Sample Application

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Here’s an example of how a sample
application for Mission 3 might have looked!

gen i sweet sixteenth contest logo Sample Application

Gen i Revolution Contest
Search for the Sweet 16th

Application Form

Name of Sponsoring Teacher: Ms. Sandra Appleseed

Subject Taught: AP Economics

Team Members and Grade Level (up to five):

  1. Malcolm Windsor, Grade 10
  2. Annabelle Francis, Grade 10
  3. Anton Michaels, Grade 10

Questions:

1. What is your topic? What economic or personal finance concept are you trying to teach? [50 word maximum]

With thoughts of college heavy on many high school students’ minds, we believe that a good topic for a Gen i Revolution mission would be the costs and benefits of continuing formal education after graduating high school.

2. Why do you think that this is important for high school students to learn? [350 word maximum]

Many parents have conditioned their children since birth that they will not only go to school, but that they will also attend and graduate college. All of our parents have repeated this mantra year in and year out, and as the end of high school approaches, the prospect of college has become a hot topic in our homes.

As it stands now, there is an over saturation of college students who can get great educations, but who can’t necessarily get jobs appropriate to their level of knowledge. Meanwhile, many vocational jobs are falling off to the side because more students pursue a bachelor’s rather than an associate’s degree. Many things can be said about the German educational system, but one thing is for sure: they split up their students in high school between those who have the potential to get many advanced degrees and those who are better suited at making an earnest living as laborers or technicians. And their economy is doing just fine.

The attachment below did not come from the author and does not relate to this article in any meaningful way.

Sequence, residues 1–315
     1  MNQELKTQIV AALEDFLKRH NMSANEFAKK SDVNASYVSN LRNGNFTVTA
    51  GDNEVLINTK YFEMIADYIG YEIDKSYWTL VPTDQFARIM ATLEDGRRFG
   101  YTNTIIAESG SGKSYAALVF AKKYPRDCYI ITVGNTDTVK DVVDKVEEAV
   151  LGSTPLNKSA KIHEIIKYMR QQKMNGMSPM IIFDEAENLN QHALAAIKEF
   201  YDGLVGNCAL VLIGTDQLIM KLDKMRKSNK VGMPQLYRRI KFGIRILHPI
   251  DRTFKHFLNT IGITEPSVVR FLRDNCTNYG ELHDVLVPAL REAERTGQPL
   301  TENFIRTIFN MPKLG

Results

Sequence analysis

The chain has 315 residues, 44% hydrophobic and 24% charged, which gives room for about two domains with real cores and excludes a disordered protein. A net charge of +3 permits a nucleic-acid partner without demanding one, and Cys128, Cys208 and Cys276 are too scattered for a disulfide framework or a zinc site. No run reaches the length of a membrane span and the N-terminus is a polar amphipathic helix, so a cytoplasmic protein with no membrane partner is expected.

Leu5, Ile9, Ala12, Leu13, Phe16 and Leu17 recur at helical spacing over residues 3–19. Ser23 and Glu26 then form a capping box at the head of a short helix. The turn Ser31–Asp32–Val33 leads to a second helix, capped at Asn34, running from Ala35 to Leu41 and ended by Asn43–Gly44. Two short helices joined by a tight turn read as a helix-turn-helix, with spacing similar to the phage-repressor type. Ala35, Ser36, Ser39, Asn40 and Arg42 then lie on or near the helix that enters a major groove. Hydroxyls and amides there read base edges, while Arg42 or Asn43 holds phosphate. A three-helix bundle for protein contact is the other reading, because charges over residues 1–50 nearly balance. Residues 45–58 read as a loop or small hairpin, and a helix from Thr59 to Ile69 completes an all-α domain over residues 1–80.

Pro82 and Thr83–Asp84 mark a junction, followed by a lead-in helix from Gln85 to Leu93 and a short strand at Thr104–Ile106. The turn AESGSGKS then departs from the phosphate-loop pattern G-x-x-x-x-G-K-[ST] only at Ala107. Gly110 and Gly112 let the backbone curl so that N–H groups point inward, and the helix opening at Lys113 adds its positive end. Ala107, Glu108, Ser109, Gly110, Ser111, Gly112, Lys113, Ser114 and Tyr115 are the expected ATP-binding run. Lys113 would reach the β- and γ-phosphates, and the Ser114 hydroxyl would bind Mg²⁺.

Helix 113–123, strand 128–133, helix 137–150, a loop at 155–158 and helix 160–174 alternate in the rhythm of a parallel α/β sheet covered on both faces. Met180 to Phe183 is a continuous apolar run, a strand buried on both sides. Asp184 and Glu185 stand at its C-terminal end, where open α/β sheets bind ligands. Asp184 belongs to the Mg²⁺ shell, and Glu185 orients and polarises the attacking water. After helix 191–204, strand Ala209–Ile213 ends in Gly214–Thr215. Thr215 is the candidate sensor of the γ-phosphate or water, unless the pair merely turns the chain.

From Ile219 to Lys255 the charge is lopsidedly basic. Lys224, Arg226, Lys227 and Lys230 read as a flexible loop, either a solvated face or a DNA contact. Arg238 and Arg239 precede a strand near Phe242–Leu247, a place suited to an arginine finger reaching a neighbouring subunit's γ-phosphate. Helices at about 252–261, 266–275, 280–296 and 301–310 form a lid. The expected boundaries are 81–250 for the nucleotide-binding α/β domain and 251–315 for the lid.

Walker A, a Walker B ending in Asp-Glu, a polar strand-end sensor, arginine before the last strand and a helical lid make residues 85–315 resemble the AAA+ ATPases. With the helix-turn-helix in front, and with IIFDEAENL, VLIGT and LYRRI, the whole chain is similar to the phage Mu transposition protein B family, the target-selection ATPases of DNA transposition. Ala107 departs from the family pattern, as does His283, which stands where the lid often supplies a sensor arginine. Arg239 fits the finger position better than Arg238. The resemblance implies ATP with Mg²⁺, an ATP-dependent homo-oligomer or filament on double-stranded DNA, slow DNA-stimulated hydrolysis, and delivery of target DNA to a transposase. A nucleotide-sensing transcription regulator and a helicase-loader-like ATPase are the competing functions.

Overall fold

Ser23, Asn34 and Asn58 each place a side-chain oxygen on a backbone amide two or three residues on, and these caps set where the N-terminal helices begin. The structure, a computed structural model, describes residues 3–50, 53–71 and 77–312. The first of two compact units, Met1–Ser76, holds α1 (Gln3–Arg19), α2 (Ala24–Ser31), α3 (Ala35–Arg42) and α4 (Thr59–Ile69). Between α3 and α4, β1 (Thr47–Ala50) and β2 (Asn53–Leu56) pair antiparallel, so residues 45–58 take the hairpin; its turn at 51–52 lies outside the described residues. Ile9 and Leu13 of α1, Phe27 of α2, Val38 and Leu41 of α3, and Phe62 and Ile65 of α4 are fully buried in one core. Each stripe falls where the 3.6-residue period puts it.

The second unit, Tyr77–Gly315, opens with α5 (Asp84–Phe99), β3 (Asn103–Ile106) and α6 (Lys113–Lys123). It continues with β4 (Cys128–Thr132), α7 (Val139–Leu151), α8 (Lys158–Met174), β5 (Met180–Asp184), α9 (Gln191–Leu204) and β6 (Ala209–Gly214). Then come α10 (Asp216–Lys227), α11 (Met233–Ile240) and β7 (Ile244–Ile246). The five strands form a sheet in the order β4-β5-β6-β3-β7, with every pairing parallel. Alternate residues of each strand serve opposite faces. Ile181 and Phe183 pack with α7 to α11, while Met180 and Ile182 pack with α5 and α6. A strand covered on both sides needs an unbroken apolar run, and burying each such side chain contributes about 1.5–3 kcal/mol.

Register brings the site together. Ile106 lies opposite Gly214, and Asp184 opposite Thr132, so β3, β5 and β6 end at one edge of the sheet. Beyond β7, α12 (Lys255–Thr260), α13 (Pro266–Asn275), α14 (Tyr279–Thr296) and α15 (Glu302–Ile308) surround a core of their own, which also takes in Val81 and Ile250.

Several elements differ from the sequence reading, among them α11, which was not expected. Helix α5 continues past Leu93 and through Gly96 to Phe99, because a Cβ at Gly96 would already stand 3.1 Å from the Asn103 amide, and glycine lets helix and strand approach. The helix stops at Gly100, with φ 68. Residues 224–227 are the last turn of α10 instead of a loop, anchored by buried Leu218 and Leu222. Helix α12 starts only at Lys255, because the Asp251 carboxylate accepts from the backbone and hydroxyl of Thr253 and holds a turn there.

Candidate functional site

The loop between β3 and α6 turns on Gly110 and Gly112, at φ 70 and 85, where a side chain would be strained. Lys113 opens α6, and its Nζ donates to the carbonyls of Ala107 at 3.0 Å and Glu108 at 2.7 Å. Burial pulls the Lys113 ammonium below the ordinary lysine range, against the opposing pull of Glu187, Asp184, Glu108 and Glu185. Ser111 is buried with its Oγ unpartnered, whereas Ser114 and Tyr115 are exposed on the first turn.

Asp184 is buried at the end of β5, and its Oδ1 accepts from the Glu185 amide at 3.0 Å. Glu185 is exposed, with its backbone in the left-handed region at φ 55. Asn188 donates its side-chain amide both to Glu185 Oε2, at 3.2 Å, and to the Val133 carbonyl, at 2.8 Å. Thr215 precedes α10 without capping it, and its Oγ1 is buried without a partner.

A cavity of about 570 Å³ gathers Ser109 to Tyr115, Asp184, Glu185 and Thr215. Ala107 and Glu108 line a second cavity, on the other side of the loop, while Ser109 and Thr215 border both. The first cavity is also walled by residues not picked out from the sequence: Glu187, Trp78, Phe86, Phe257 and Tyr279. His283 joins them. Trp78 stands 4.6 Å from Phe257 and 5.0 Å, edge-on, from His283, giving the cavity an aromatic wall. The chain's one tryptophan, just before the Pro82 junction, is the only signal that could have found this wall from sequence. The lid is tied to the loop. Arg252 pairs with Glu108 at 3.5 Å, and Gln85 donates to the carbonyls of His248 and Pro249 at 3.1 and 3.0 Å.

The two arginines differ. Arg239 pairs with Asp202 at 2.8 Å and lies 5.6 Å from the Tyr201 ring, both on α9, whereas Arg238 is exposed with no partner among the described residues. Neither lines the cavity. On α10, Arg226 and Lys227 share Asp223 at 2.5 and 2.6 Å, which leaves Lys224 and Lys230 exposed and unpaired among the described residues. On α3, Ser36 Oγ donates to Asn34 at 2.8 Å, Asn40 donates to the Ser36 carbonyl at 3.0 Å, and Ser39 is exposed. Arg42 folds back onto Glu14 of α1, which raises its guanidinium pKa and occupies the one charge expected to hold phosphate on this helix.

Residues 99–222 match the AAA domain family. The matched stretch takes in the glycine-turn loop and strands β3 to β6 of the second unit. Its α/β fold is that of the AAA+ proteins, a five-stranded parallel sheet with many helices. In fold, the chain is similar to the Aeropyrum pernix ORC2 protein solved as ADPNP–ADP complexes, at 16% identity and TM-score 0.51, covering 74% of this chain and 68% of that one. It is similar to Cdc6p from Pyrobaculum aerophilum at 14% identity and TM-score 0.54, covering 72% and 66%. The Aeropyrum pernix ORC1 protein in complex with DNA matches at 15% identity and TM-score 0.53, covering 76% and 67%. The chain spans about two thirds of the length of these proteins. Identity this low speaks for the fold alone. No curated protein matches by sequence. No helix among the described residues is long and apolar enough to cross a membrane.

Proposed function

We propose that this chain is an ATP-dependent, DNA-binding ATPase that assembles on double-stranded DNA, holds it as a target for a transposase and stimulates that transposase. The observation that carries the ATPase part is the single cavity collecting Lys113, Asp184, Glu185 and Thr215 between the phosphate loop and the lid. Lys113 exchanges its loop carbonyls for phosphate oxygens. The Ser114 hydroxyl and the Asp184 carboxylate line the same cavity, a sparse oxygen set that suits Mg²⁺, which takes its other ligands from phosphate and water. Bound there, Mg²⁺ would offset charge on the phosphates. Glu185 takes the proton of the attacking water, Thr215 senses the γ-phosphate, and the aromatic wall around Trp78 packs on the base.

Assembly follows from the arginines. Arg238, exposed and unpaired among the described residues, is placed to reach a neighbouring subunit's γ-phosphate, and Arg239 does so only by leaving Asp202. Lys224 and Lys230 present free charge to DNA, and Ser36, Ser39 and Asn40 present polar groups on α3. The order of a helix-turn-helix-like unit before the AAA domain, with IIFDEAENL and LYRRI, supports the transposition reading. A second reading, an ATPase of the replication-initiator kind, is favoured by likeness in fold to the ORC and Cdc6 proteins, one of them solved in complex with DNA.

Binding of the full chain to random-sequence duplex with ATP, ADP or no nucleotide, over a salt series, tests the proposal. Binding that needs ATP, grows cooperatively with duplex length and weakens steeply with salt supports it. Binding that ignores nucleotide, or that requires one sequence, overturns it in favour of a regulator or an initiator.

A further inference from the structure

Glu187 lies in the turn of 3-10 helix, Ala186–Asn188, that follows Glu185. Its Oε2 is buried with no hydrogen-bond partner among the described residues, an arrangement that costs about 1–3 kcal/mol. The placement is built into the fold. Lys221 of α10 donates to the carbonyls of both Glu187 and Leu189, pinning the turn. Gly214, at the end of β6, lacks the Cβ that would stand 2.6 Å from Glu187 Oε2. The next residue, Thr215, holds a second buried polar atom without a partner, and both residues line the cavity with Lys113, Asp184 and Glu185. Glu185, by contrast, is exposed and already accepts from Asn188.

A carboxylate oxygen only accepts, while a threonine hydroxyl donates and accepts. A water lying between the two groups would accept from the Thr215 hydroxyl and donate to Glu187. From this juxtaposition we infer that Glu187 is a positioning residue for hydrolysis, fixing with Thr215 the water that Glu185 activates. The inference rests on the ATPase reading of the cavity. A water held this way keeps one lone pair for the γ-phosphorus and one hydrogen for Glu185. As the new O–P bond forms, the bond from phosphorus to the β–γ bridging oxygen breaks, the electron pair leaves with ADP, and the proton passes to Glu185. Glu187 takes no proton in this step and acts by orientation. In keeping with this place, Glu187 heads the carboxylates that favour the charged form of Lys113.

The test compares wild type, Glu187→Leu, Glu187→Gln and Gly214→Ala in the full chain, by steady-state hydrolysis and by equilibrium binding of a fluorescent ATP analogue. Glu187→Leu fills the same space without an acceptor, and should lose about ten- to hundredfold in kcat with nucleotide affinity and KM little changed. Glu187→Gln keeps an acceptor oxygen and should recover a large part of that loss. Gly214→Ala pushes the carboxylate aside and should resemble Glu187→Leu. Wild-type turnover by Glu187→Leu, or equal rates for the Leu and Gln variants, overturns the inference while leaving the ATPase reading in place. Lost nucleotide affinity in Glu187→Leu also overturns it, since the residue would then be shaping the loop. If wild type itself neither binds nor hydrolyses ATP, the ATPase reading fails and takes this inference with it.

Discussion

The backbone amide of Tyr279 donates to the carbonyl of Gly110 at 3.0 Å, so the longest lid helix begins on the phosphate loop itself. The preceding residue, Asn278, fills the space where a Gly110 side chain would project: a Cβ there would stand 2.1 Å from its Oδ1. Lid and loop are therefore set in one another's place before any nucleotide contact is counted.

It is important for students to fully understand not only themselves and what they want their careers to be, but also the costs of attending college. Should they go in-state? Can they afford to go out of state? Should they pursue a 2-year degree, a 4-year degree, or more? How should they manage their 529 college savings plan? Considering that the interest rates of federal Stafford loans have doubled from 3.4% to 6.8%, weighing the opportunity costs and benefits of attending college has become increasingly important and applicable to high school students everywhere.

3. Describe what the Gen i Revolution Mission that addresses this concept would look like. [350 word maximum]

Imagine Matthew Ferguson, a sophomore in high school who lives in Pasadena, California with his parents and sister. His older brother Luke recently graduated from Williams College in Massachusetts with a Bachelor’s Degree in Physics and $20,000 in student loan debt. Matthew has been told his whole life that he will attend college, and he really wants to follow in his brother’s footsteps. Luke is a great role model for Matthew, in everything from sports to relationships with girls, and now Matthew also wants to attend one of the best liberal arts colleges on the East Coast.

However, Matthew’s dad, 151st squadron in the Air Force, has recently lost his job as a physician’s assistant at the Veteran’s Hospital in Los Angeles. Money is tight at the Ferguson household, and Matthew has had to pick up a part-time job after school as an apprentice to a carpenter to help his family out. Fortunately for him, Matthew actually enjoys carpentry and even has quite the knack for it; he’s already been promoted twice in three months. He overheard at work that one of his colleagues, a designer named Andrea, is going to the University of California Santa Barbara on a partial scholarship with fairly generous financial aid due to her circumstances as well as the fact that she is an in-state student.

What should Matthew do? Go out of state for school? Stay in sunny California? Or continue apprenticing at the woodworking studio until he becomes a master carpenter in his own right? It is your job as a Gen i Revolution agent to help Matthew sift through the Murktide and consider the actual costs as well as the opportunity costs and benefits of attending college. Indecision, confusion, and familial pressures threaten to overwhelm Matthew, and only you can help.


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